::Literate Blather::
Monday, December 29, 2008
Book Review: "Runner" Leaves You Breathless

Thomas Perry Welcomes Back Jane Whitefield in New Thriller

I read “Runner” by Thomas Perry so fast – What happens next! What happens next! – that the pages started to smolder and smoke. I was forced to read the rest of it wearing fire retardant gloves and with a fire extinguisher within easy reach.

“Runner” hits bookstore shelves on January 14 and, once you’ve fireproofed your favorite reading chair, you should seriously consider adding it to your collection. “Runner” is a marvel, and already in the running for my pick for best suspense novel of 2009.

Thomas Perry has always
been an underrated scribe. He came out of the gates strong with his first novel “The Butcher’s Boy,” which won the 1983 Edgar Award for best first mystery novel.

But Perry really didn’t hit his stride until he created Jane Whitefield – a Native American woman who helps desperate people “disappear” – guiding them to new lives while helping them escape their pasts, usually filled with various nasty people with guns.

Jane is hard as dried leather – and smart. Her character – the detail oriented, obsessive perfectionist with little humor and a demeanor as sullen as funeral – centers the novel. She’s a fascinating case study as she plunges the reader into the underground world of forgeries and the act of “vanishing” without a trace.

Jane made her first appearance in “Vanishing Act” in 1995 and appeared in four more novels before Perry retired her in 2000. The series, however, has proven so popular, that Perry has dusted off Jane nine years later.

Lucky us. The result is “Runner.”

Jane is now married to a surgeon in up-state New York and living under the name Jane McKinnon. The action begins immediately as a pregnant teenager named Christine tries to find Jane at the local hospital – where Jane is attending a fundraiser she organized.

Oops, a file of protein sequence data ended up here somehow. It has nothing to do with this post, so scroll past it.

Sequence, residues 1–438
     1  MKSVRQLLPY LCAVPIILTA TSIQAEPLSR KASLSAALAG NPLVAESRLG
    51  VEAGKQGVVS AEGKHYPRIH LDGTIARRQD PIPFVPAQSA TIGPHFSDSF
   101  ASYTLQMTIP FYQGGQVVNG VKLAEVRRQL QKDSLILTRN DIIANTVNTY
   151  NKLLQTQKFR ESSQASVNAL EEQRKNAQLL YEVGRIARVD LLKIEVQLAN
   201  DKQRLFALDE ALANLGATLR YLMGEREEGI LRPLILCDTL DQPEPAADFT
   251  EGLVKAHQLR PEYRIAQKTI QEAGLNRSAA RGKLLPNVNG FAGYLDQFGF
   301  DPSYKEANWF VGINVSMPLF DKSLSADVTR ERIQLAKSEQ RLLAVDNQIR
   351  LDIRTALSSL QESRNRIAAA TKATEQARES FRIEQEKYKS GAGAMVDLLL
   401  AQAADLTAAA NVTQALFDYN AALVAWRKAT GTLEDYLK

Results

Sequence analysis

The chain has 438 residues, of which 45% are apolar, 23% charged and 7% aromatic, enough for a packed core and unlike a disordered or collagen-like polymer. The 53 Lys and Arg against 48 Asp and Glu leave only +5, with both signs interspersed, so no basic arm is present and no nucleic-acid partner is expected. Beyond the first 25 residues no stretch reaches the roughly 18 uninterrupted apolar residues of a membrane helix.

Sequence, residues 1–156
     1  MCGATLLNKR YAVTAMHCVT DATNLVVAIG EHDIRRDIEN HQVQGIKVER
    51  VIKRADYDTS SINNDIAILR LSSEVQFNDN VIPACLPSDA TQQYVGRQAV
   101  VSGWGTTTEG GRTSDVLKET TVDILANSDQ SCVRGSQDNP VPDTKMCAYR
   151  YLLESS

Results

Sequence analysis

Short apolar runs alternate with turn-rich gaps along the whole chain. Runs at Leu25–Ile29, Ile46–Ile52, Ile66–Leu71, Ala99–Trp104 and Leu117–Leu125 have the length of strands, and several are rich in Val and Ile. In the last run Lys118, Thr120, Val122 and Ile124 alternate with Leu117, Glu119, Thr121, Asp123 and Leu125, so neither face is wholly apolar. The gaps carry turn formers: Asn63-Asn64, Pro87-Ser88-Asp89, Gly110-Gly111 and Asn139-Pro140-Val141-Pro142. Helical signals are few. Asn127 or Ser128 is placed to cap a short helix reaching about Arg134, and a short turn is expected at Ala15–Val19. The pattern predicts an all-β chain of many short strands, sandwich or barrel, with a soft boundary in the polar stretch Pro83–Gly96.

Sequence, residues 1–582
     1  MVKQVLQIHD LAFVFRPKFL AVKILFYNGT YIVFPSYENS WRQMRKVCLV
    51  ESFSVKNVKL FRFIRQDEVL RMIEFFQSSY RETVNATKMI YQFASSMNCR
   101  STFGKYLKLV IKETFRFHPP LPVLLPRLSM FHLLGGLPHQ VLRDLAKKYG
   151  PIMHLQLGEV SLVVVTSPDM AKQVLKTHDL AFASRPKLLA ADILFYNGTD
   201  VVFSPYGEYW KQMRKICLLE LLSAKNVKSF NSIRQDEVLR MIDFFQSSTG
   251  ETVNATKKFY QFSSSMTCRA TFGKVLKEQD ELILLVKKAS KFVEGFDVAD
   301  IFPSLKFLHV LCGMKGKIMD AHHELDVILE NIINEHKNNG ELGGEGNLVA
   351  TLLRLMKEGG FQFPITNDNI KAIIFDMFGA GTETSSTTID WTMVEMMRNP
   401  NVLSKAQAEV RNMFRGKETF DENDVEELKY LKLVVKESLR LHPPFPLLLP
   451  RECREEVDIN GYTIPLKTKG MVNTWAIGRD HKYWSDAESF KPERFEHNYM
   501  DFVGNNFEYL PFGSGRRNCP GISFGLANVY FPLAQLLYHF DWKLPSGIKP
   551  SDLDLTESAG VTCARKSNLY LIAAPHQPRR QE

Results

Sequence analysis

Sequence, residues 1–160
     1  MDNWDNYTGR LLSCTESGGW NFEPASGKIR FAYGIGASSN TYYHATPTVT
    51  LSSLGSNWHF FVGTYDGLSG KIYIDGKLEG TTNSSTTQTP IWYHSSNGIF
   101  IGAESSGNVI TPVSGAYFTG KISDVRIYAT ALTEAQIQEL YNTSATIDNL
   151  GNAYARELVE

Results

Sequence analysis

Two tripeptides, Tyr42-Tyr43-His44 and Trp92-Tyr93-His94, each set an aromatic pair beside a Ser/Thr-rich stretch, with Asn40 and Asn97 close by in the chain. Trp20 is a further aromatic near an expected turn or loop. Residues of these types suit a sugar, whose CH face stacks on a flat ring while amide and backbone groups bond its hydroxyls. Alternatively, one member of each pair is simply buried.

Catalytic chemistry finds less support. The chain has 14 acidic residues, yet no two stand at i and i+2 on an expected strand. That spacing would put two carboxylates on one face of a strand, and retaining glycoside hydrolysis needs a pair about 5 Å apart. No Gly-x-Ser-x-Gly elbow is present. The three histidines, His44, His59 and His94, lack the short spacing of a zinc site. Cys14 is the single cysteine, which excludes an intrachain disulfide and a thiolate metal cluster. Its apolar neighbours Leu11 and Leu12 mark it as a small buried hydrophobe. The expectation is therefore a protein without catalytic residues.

There are six professional criminals trailing Christine – and they bomb a wing of the hospital in order to flush Christine out of the building. Christine, however, is fortunate enough to find Jane first.

The rest of “Runner” is a harrowing race to save Christine and her baby from her former boyfriend, a corrupt real estate mogul who needs Christine and his child back to avoid being written out of the family businesses by his demanding father and mother.

“Runner” is relentless – but never allows itself to get away from the characters. Perry gives readers complex characters in Christine and boyfriend Richard Beale (and his complicated family dynamics with his mother and father). There are no stereotypes or casting call characters here, but dynamic human beings.

There are some questionable logic lapses in “Runner” with the hospital bombing front and center (would career criminals in a covert operation really do something that dramatic?). And the relationship between Richard and his criminal friends, led by the enigmatic Steve Demming, fails to hold up under too much scrutiny (and we never get any insight into Demming and his colleagues motivations).

However, “Runner” is just too expertly plotted and burns up the pages like a flamethrower to get too caught up in the trivial complaints. The book is just too good for that. Our recommendation is to just guard against third-degree burns and let Jane Whitefield guide you through “Runner.” You won’t be sorry.

Buy "Runner" at Amazon.com

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